HEALDSBURG, Calif. (Reuters) – The southward march of a Northern California wildfire toward the more populated areas above the San Francisco Bay led officials on Sunday to raise the number of residents ordered to leave their homes in the area to 180,000.
Embers fly around a burnt out truck during the wind-driven Kincade Fire in Healdsburg, California, U.S. October 27, 2019. REUTERS/Stephen Lam
The increase, from 130,000 earlier on Sunday, came as wind gusts pushed the Kincade Fire down from the rolling hills and wine regions of northern Sonoma County and threatened communities as far south as northern Santa Rosa, officials said.
That fire, along with another blaze in southern California, prompted Governor Gavin Newsom to declare a statewide emergency and to urge residents to heed evacuation orders.
The touristy town of Healdsburg, which was ordered evacuated on Saturday, was largely deserted by Sunday morning, except for an occasional National Guard Humvee patrolling the area.
Sonoma County Sheriff Mark Essick, defending the evacuation orders which he said had been criticized by some as overly cautious, increased the police presence in evacuation zones.
A key reason for the extra police was “to really assure people that if they have evacuated, their property, their homes will be safe,” he told a news briefing.
The Kincade Fire and Tick Fire in suburban Los Angeles are the biggest of several blazes plaguing California during its traditional wildfire season when hot, dry winds blow westward across areas of summer-dried shrubs ripe for burning.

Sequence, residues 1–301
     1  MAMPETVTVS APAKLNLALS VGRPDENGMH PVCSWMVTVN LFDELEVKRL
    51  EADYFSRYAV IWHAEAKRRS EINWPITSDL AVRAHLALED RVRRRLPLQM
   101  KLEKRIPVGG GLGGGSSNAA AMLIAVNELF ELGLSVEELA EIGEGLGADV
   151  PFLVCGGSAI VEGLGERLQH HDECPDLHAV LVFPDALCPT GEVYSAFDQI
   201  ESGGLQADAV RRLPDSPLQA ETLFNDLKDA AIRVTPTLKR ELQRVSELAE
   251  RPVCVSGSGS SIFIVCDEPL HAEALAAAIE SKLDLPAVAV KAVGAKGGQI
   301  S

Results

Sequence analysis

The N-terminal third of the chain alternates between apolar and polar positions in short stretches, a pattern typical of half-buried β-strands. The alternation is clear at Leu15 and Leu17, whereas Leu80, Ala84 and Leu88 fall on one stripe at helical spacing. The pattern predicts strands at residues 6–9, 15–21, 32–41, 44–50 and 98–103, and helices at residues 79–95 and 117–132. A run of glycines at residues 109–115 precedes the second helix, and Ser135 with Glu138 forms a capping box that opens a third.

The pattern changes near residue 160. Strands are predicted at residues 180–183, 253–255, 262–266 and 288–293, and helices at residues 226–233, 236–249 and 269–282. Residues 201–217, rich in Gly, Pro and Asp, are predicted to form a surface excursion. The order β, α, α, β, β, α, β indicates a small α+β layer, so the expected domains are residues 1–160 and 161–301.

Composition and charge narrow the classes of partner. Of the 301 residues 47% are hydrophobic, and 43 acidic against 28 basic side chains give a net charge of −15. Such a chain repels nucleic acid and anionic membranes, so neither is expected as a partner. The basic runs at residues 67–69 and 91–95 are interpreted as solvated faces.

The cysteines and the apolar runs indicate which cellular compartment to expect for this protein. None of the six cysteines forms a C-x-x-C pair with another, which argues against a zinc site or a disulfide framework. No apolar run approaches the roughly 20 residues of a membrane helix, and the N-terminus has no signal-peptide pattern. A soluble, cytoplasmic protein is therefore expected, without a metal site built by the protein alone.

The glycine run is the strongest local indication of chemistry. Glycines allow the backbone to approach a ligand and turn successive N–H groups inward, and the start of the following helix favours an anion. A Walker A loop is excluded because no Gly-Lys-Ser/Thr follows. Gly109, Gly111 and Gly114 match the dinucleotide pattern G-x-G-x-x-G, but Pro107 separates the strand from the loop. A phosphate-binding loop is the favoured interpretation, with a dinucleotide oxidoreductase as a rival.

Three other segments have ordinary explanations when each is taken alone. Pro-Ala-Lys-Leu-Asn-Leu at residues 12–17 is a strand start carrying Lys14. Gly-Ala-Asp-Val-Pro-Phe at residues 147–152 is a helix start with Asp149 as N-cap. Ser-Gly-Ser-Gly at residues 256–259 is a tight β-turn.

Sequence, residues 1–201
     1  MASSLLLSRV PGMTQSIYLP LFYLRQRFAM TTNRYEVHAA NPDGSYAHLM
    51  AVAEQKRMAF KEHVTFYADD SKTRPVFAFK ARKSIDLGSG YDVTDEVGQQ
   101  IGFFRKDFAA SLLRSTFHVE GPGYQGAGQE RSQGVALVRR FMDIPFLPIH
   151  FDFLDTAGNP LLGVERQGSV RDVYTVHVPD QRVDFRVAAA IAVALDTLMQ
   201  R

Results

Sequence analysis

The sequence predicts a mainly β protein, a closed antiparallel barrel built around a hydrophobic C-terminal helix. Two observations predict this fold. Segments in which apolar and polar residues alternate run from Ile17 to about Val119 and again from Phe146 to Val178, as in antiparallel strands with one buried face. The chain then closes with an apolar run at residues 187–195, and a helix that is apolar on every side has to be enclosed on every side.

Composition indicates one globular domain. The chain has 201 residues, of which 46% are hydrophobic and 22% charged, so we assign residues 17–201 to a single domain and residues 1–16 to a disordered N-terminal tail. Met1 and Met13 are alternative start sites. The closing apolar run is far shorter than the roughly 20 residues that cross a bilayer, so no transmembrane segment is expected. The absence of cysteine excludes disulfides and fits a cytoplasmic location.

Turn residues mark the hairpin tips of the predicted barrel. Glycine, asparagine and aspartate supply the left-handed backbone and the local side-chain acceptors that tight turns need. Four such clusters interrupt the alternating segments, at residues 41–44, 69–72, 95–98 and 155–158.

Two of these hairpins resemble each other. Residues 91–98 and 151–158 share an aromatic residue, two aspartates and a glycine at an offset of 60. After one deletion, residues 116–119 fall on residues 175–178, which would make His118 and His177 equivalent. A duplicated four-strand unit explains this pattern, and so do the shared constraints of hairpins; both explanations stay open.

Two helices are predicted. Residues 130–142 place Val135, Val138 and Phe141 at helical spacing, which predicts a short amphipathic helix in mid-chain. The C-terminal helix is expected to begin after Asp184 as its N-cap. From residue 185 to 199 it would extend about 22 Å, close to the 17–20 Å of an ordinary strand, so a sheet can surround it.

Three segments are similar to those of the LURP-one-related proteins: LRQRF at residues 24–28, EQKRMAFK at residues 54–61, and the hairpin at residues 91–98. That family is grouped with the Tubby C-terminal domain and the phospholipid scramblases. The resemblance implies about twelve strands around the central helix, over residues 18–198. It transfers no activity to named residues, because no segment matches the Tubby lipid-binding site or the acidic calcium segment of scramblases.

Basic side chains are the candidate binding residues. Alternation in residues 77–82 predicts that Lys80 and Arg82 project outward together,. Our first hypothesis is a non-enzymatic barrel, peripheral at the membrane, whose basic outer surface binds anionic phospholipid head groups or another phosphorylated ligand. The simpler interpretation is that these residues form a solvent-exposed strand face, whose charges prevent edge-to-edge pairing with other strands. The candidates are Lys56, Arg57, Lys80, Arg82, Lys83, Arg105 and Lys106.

High wind forecasts prompted utility Pacific Gas & Electric Corp on Saturday night to shut off power to about 940,000 customers in 38 of the state’s counties to guard against the risk that an electric mishap could spark a blaze. The utility said the protective blackouts could last two days.
Steve Volmer, the chief fire behavior analyst at the California Department of Forestry and Fire Protection (Cal Fire), said the Kincade fire was threatening to jump to the west of U.S. 101, where there have been no fires since the 1940s.
“The fuels in that area are extremely dense, they’re extremely old and decadent and they’re extremely dry,” he said.
By early on Sunday, more than 3,000 firefighters and other crew members were battling the Kincade Fire, which had scorched 30,000 acres (12,141 hectares), burned down 79 structures and threatened 31,175 more, Cal Fire said. Only 10% of the fire area was contained, it said.
A forecast for slowdown in wind speeds to 20 to 40 miles per hour (32 to 64 km per hour) during the day on Sunday could aid firefighters before higher gusts are expected to return overnight.
No fatalities were attributed to either the Kincade or Tick fire, and the causes of both have yet to be determined.
In Los Angeles County, the fire department said it had contained 65% of the Tick Fire near the city of Santa Clarita, about 35 miles north of downtown Los Angeles, which has charred 4,615 acres, including 22 structures, since Thursday.
Most of the more than 40,000 residents who had been ordered to evacuate were allowed to return to their homes by Saturday afternoon, the county fire department said.
Writing and additional reporting by Peter Szekely in New York; Editing by Lisa Shumaker and Sonya Hepinstall